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Interviews

Sean Porter D.P || Rough Night ||

I interviewed Sean Porter for the first time early last year about his work on Jeremy Saulnier's slasher/thriller Green Room. The second time around was a bit brighter, a beach-side domestic dramedy: Mike Mill’s coming of age epic 20th Century Women. And here we are at interview three with his most expensive film, the Sony funded studio comedy Rough Night starring Scarlett Johansson, Kate Mckinnon, Zoe Kravitz, Jillian Bell, Ilana Glazer and which was directed by Broad City’s Lucia Aniello & cowritten by Paul W. Downs. In the gamut of the three, I’ve no clue where to place it. 

 

On a technical, on-set structure spectrum I’ve got a better idea. Rough Night moved the fastest. Sean opens up about his first experience on a big budget studio film, how he managed to light at a breakneck multi-camera TV-style pace with bare minimum prep, and the perks of industry veteran reinforcements. Outside the indie/studio comparisons, we talk form: how to photograph a comedy, and how the 2.39 Aspect Ratio can elevate the genre. 

 

Ansel Elgort's Destiny 2 Impressions and His Starring Role in Baby Driver

Ansel Elgort came by after attending  the L.A Premiere of Edgar Wright’s Baby Driver (which world-premiered at SXSW) to rep Destiny 2 at Activion’s big booth in the South Hall of E3. In the film, he stars as the titular “Baby” and I got to sneak some film related questions in before segueing into our overwhelming videogame surroundings.  We hung out in the private booth and got to play some Destiny 2 afterwards.

SXSW - We Interview The Heroes From Served Like A Girl

Served Like a Girl premiered at SXSW last week and it is a documentary that follows five female veterans and how they create a sort of sisterhood to help the rising number of stranded homeless women veterans. We got the chance to sit down with a some of the female veterans and filmmaker Lysa Hayland Heslov.

Heslov's friend told her about Miss Veteran America which is a competition and pageant for female veterans. It highlights their courage, strength, and intelligence but also reminds us that they are mothers, daughters, sisters, and wives. The documentary follows these veterans as they help with homeless vets and prepare for this competition. “I thought what a brilliant way to tell these women's stories and go on this journey with them as you're leading up to this great competition,” explains Heslov. The competition is about raising awarness and funds to homeless female veterans so it all ties in.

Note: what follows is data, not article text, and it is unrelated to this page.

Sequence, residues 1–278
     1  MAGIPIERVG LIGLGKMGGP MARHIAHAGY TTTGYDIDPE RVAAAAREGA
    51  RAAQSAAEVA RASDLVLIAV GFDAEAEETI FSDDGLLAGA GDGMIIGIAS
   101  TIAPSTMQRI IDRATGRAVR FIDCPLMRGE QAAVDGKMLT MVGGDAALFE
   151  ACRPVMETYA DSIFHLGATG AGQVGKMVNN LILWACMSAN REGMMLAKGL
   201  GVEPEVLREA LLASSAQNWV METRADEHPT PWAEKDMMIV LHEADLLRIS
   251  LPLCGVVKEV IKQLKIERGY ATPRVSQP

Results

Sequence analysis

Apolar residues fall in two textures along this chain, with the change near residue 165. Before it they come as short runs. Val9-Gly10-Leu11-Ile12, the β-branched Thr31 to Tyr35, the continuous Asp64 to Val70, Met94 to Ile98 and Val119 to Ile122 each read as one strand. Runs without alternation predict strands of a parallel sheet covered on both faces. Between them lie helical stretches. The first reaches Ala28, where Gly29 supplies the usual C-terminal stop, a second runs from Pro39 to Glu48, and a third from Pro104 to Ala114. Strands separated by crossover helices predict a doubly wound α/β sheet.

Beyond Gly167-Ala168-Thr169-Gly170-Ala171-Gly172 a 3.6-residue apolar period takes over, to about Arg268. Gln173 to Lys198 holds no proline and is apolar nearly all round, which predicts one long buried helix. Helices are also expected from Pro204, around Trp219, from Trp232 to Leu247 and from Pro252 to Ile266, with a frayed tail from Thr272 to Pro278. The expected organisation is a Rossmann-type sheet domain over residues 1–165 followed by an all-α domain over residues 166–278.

The story of female veterans is not an easy story to tell. Although they have served and fought for their country, once they become vets medical care and the government kind of tosses them aside. Marissa Strock who served in the United States Military describes it by saying “We're a used toy now.” They received all the care and everything they needed when they were in the service, but once they were done serving, they were done with the help. 

To say that the treatment of veterans is frustrating and wrong is an understatement. It is pretty obvious as to why these women wanted to take part in a project like this, “We were able to tell our story through our own words and no longer have people to talk for women veterans who have no understanding of what we actually do while we serve and the sacrifice related to our service and also our struggles once we take the uniform off,” says Jasboothe who served in the army for 17 years and is currently a major in the reserves.  

Many of these women started serving because it was essentially a family business, their parents are in it, their grandparents were in it, and their kids are in it. 

Some had other reasons: “I was just tired of where I was, I was working 120 hours a week – 3 jobs – and I wasn't going anywhere, I wasn't going anywhere fast,” says Hope who served 11 years in the Navy, “if I was going to keep doing what I was doing I would have gone down the wrong road. […] It turned out to be something I was good at, and I knew that I was in the right fit once I joined.”